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Thermal diffusivity

In heat transfer analysis, thermal diffusivity (symbol: \kappa\,, but note that the symbols α, D, and k are all commonly used) is the ratio of thermal conductivity to volumetric heat capacity.

\kappa = {k \over {\rho c_p}}

where: k\, is thermal conductivity (SI units: watts per metre-kelvin, W∙m-1∙K-1) \rho c_p\, is the volumetric heat capacity (density kg∙m-3 times specific heat capacity J∙kg-1K-1; SI units: joules per cubic metre-kelvin, J∙m-3∙K-1)

The SI units for thermal diffusivity are square metres per second or m2∙s-1.

Substances with high thermal diffusivity rapidly adjust their temperature to that of their surroundings, because they conduct heat quickly in comparison to their thermal 'bulk'.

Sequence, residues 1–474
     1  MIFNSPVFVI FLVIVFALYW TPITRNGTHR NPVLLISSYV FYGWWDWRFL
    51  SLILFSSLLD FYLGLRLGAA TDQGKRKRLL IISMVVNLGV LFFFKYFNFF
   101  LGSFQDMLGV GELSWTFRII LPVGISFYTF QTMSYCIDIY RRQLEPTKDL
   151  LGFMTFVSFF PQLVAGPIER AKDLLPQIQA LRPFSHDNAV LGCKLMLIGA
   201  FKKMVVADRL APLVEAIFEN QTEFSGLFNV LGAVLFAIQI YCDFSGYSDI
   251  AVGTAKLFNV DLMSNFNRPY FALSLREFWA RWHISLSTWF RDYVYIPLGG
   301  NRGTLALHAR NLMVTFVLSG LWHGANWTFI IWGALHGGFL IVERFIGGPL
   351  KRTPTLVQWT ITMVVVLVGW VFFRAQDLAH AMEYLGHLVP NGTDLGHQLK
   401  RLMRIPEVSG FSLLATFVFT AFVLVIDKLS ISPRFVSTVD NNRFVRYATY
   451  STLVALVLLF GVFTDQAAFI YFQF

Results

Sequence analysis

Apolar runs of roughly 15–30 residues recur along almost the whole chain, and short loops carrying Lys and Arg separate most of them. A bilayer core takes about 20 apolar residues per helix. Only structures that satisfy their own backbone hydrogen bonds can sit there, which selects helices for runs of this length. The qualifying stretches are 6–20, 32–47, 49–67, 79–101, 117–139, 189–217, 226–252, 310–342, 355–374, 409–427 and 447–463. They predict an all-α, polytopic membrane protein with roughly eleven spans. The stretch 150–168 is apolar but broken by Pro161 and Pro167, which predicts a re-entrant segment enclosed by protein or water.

For common rock material, \kappa\, ~ 10-6 m2∙s-1.

Thermal diffusivity of air at 300 K is 0.000024 m2/s.

For a plot of thermal diffusivity of air as a function of absolute temperature see James Ierardi's Fire Protection Engineering Site

See also

This article is licensed under the GNU Free Documentation License. It uses material from the Wikipedia article "Thermal_diffusivity". A list of authors is available in Wikipedia.
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